Marilie Coetsee (left), former research assistant, and Associate Director of Research Lynn Eden
The Center for International Security and Cooperation (CISAC), part of the Freeman Spogli Institute for International Studies (FSI), is a multidisciplinary community dedicated to research and training in issues of international security. The Center brings together scholars, policymakers, area specialists, business people, and other experts to focus on a wide range of security questions of current importance.
CISAC grew out of Stanford University's pioneering commitment to explore concerns about the escalating arms competition that marked the decades following World War II. With the founding of the Arms Control and Disarmament Program in 1970, Stanford University became one of the first academic institutions in the nation to commit faculty and resources to the study of the critical issues surrounding the Cold War. Today it has expanded its mission to also focus on nuclear risk reduction, biosecurity and global health, cybersecurity, terrorism and homeland security, governnance, migration and transnational flows.
Social Science Research Assistant
This is fixed-term position. The term ends Aug. 31, 2017, but may be extended based on programmatic need and funding availability.
Stanford University’s Center for International Security and Cooperation (CISAC) is seeking a full-time research assistant to support CISAC co-director Dr. Amy Zegart.
CISAC is one of the nation's leading interdisciplinary, university-based research and training centers addressing critical international security issues. The Center draws on scholars from a range of disciplines, integrating political, regional, and scientific expertise in international affairs, and applying this expertise to policy-relevant solutions.
Dr. Zegart is seeking a research assistant with outstanding academic credentials to conduct research, draft reports, support teaching and lecture activities, and assist with a range of administrative needs. The candidate will explore, write about, and otherwise work on international security issues such as U.S. national security agencies and their effectiveness, managing political risk, and the proliferation of drone technology and its implications for signaling and coercion dynamics.
Duties include, but are not limited to:
• Assist Dr. Zegart with research on international security issues.
• Assist with drafting, formatting, and fact checking articles and other pieces authored by Dr. Zegart.
• Assist with preparation of funding proposals and reports, including researching, compiling data, and drafting.
• Coordinate a team of undergraduate research assistants.
• Assist with teaching and public appearances by drafting and preparing PowerPoint, talking points, and other presentations.
• Design and execute programs (including workshops, meetings, events) to further objectives of CISAC projects, including hosting distinguished visitors.
• Manage finances for Dr. Zegart’s sponsored grant projects, including reviewing monthly expenditure statements and tracking expenses for sponsored projects.
• Process reimbursements and payments.
• Prepare correspondence.
• Assist with course preparation and administration, including developing materials, handling all logistics, and overseeing teaching assistants for Dr. Zegart’s Political Risk course.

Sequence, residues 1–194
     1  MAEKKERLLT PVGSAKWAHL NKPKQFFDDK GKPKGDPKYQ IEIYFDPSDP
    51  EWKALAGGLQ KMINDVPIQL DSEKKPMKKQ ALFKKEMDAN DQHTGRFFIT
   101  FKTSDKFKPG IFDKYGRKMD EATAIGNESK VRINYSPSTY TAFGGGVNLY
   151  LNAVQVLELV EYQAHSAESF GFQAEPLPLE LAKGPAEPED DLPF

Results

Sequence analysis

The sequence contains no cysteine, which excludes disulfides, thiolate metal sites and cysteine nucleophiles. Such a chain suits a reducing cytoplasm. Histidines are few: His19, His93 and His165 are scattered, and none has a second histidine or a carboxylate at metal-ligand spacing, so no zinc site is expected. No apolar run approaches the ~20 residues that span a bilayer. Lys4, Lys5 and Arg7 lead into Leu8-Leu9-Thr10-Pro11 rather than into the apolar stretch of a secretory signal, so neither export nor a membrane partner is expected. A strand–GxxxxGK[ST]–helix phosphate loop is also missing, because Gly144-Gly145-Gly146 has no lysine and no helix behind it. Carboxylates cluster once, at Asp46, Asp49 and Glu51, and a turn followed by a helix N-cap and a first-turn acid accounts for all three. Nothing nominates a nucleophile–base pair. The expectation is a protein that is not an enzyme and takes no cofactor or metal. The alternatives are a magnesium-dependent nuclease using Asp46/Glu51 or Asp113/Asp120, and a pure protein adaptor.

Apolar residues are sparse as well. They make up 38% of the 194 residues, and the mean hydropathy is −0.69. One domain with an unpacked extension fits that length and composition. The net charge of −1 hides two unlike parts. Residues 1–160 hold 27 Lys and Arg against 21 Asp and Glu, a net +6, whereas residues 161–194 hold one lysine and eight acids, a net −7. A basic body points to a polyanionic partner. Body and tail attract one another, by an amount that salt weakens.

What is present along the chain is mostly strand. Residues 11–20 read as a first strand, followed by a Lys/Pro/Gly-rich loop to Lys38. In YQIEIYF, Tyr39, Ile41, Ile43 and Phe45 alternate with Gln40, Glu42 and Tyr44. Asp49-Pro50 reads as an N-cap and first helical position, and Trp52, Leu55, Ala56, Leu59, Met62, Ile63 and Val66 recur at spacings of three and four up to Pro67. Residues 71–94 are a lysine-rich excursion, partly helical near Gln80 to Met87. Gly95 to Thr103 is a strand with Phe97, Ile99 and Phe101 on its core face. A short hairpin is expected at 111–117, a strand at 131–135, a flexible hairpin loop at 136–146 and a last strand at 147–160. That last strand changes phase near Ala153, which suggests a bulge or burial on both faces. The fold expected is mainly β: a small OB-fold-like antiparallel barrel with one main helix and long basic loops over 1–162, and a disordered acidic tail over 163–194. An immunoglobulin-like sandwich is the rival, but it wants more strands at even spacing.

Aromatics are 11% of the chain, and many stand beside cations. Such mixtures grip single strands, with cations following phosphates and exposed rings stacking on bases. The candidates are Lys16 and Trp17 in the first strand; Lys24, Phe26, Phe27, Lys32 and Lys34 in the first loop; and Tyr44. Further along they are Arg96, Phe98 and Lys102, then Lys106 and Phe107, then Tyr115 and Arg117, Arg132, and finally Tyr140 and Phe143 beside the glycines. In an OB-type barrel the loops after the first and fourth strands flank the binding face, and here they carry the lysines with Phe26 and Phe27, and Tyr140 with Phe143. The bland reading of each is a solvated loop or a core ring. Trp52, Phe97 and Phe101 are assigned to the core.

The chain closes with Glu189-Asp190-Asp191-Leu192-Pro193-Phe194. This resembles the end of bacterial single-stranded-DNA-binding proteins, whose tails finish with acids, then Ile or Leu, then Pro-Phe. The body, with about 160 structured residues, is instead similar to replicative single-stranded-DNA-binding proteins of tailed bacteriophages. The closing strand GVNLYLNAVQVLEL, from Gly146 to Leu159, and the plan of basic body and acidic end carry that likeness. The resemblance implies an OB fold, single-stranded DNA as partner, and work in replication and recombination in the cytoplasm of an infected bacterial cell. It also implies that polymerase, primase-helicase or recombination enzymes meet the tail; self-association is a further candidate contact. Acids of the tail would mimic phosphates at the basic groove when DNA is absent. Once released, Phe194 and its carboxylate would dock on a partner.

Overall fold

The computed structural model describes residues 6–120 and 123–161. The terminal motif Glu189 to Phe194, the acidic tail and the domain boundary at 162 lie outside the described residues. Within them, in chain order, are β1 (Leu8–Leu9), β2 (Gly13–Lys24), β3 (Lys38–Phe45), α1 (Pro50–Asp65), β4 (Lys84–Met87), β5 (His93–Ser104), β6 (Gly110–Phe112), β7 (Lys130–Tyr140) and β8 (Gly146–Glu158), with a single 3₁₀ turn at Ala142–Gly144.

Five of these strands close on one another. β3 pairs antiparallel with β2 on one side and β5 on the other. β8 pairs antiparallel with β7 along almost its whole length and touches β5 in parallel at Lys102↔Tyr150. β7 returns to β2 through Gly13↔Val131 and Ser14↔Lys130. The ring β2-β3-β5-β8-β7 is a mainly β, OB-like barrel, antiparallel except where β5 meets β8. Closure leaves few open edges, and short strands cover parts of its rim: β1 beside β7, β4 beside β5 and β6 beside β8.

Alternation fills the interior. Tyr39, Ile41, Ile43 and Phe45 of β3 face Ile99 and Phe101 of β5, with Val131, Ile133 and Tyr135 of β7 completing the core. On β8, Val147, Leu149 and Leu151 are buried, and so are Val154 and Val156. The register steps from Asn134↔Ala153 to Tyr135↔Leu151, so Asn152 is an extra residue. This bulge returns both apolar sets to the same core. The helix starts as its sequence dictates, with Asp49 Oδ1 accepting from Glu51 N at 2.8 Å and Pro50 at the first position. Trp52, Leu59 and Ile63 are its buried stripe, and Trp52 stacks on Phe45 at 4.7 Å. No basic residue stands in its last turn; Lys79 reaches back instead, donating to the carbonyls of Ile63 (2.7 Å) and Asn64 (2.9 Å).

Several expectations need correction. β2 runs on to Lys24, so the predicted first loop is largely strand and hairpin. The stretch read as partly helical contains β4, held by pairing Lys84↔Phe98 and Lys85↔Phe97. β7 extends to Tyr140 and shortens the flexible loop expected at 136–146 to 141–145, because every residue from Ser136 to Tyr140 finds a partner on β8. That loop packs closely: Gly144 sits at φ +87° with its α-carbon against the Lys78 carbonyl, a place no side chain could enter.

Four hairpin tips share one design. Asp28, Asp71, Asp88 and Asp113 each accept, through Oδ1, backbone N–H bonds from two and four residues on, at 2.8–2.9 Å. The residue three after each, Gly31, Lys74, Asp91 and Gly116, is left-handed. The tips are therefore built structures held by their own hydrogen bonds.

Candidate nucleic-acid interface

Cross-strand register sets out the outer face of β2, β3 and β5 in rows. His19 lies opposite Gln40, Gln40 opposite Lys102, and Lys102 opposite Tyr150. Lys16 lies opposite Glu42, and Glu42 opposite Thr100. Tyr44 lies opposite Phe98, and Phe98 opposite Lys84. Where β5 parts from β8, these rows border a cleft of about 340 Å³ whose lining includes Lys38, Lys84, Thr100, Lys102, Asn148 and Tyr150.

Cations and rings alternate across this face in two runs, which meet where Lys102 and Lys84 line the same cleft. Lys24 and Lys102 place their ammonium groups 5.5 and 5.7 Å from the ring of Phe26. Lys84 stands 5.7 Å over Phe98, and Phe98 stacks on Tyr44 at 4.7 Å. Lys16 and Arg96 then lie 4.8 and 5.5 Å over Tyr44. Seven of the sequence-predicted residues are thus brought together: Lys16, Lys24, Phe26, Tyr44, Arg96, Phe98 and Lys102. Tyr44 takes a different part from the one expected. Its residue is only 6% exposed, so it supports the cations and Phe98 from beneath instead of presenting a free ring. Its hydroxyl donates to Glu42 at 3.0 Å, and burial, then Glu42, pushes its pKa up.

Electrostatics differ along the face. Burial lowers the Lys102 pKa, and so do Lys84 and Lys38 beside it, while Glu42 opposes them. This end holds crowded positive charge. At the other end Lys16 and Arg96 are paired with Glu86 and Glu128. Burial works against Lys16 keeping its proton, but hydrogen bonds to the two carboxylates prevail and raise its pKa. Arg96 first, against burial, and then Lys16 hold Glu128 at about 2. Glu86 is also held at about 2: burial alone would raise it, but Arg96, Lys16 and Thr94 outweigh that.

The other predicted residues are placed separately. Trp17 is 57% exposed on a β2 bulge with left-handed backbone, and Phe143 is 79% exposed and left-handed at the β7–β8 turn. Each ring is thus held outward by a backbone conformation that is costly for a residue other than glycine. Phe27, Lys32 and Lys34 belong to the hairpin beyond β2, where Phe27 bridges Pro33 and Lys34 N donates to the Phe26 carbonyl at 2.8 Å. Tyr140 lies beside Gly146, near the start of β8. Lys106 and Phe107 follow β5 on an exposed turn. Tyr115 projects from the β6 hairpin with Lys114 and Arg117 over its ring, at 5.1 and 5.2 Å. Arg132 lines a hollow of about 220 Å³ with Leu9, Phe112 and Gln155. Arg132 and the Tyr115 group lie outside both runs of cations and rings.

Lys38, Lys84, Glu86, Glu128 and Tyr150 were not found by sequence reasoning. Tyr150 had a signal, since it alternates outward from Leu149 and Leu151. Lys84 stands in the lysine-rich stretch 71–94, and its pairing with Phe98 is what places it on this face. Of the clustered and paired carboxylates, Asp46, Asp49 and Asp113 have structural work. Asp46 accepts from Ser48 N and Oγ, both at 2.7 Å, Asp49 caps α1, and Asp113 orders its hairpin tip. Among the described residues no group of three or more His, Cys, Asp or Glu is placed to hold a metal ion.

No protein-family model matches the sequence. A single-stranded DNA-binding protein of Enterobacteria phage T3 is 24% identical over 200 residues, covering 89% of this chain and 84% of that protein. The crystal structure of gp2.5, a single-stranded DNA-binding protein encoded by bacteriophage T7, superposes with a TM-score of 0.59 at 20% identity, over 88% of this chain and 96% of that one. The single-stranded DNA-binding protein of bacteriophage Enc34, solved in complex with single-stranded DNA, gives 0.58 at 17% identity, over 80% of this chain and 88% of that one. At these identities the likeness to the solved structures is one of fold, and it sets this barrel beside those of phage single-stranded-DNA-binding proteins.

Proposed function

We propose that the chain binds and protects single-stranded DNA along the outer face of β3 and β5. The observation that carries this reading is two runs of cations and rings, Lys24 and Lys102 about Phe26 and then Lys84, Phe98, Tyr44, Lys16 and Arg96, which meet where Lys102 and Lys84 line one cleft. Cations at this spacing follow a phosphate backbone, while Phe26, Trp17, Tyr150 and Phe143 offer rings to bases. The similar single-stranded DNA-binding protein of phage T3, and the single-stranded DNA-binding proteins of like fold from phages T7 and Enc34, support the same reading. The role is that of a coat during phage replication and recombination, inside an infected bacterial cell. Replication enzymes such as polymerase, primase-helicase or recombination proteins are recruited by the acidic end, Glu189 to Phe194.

• Coordinate and support development of CISAC’s Massive Open Online Course (MOOC).
• Collaborate closely with the administrative assistant in charge of Dr. Zegart's calendar, programs and initiatives at the Hoover Institution.
• Work closely with other CISAC staff to support events and programs where needed.
The ideal candidate is a skilled and tenacious researcher with first-rate analytical capabilities, superb people skills, and a can-do team orientation. The candidate is an exceptional writer, able to produce near-publishable or publication-quality work independently. He or she is extremely well organized, self-motivated, detail-oriented, proactive, and able to handle multiple complex tasks in a fast-paced environment. He or she has a familiarity with international security issues and international relations subjects and wants to work on the world’s most challenging international security problems. He or she has the poise, maturity, and diplomacy to interact with some of the world’s leading scholars, government officials and other dignitaries. The candidate exercises absolute discretion when handling sensitive information.
Applicants should have an excellent academic track record in international affairs, political science, history, international relations, or a related field. Advanced research skills are required, including library, archival, and online research. Exceptionally strong web-based research skills are mandatory, as is a deep familiarity with web-based academic resources. The candidate should be familiar with maintaining and preparing footnotes, bibliographic checking, and fact checking. The candidate should have familiarity with a range of administrative responsibilities, including scheduling, office organization, and answering phone calls. The candidate should have outstanding Word, Power Point, and Excel skills. Lastly, the candidate must be an excellent team player, good communicator, and problem solver.
A Bachelor’s degree required and one year of applicable experience desired. A background check will be required for all final candidates. For consideration please submit resume and cover letter to the Stanford Job Search page, #63354.